iv. Category System
One of the strengths of WordPress in my opinion is the way content can be organized via the built-in category system. Using this and various conditional template tags, the possibilities for making a dynamic CMS becomes much simpler. For instance, on my church website that I designed, I greatly utilized the category system to “split-out” various sections of content that the site would serve up. I have an “upcoming-events” category for events, a “Pastor’s Perspective” category for all my pastoral blog entries, an “announcements” category for various news and announcements made on the church site, and many more other categories. Then using the conditional template tags I can place content from a specific category in the design the way I want it. Whenever I want to add content to a particular section of the site I just have to add the post to the correct category.

Another bonus with WordPress is not only are there categories but you can also further classify posts by subcategory creating more possibilities for dynamic design.

v. Paging
One important component of WordPress that is key to it’s use as a CMS is the ability to create static pages from the administration interface along with dynamic posts. If this component were not available then it is likely I might not have used WP in designing my sites. Put simply, there are instances when you will be presenting content that rarely changes (hence, “static”) and thus you want an easy way to add this content and edit it if and when needed. If WordPress didn’t have this feature the only way to add static content would be to develop specific theme template files that have the static content encoded via html.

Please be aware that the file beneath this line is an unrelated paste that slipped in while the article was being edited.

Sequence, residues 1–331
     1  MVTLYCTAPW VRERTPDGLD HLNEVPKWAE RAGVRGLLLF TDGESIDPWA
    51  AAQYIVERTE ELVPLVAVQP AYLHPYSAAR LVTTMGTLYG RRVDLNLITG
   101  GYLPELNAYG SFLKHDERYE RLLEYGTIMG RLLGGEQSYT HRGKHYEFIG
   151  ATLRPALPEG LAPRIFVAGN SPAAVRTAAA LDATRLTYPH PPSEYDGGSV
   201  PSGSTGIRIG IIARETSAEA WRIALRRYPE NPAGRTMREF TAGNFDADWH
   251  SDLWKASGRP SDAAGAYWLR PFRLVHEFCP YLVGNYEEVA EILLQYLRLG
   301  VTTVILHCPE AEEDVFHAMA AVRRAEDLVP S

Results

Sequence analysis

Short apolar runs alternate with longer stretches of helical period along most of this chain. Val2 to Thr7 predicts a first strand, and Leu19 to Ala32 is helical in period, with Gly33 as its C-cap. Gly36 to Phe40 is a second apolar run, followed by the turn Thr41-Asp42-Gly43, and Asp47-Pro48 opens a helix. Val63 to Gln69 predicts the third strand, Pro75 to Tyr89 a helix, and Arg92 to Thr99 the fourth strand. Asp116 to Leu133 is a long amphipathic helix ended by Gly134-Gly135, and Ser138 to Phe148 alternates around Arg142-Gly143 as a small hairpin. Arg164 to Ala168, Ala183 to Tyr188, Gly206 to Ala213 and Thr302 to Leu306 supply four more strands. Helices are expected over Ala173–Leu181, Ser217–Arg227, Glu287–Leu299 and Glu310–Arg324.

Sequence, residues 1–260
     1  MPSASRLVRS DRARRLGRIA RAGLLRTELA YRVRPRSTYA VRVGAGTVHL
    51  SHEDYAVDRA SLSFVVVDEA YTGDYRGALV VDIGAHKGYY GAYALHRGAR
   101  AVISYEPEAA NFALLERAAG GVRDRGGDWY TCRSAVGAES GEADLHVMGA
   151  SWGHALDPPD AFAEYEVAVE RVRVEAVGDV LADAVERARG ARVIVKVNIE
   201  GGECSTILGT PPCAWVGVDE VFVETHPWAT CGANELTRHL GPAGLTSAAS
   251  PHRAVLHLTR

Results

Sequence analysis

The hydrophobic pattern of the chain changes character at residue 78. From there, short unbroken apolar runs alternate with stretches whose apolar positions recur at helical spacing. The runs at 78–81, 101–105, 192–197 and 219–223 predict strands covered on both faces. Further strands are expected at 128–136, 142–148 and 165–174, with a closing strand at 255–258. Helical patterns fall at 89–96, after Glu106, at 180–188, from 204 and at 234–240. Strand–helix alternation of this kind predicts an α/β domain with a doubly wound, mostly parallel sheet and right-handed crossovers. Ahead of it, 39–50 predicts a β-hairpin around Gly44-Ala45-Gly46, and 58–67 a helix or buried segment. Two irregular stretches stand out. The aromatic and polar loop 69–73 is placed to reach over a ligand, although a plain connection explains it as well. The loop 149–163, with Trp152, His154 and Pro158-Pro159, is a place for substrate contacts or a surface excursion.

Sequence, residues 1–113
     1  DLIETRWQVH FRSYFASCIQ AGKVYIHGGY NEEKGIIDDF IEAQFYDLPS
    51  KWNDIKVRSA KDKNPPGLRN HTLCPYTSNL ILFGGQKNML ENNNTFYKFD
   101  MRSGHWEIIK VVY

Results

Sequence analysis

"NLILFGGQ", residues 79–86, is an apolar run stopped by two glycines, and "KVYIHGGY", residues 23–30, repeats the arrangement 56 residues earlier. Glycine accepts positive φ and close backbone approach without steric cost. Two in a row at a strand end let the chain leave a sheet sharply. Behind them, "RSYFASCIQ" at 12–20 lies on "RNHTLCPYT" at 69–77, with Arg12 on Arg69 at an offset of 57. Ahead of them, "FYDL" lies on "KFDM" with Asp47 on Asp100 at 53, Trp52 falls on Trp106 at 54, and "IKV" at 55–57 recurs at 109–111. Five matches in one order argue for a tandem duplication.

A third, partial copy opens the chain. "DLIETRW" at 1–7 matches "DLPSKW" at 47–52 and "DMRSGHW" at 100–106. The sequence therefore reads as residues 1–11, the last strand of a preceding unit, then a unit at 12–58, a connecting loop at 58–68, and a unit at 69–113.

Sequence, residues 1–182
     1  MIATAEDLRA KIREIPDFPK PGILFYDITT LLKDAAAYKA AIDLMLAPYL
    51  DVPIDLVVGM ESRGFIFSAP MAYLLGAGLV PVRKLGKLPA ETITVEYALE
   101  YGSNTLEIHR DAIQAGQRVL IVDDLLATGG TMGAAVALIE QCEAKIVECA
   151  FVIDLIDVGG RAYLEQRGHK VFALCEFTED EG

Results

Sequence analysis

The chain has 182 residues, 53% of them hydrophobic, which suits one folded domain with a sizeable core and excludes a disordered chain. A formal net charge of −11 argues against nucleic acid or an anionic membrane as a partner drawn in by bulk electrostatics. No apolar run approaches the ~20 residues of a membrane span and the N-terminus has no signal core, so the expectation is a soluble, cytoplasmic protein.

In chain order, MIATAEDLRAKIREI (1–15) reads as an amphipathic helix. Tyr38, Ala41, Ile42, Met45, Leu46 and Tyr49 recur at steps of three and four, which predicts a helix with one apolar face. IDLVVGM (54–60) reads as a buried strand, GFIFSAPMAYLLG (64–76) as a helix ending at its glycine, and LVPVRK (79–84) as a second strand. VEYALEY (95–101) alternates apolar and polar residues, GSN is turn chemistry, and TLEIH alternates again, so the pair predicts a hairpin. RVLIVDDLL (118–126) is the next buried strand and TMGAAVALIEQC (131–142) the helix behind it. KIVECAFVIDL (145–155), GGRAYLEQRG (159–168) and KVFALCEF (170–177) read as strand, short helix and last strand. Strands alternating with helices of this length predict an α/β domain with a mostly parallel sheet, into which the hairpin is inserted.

An added feature that was also appealing to me was the fact that I could create certain “page templates” in my theme that could be selected in the “write page” panel. This makes it possible for me to create different page layouts for different topics/subjects.

Again, the WordPress Codex has excellent documentation on everything to do with using Pages.

vi. Admin Interface
I could probably write a whole article on just the administration interface of WordPress but I’ll just include a short list of what was important to me in reviewing using WordPress as a CMS (everyone loves lists don’t they?)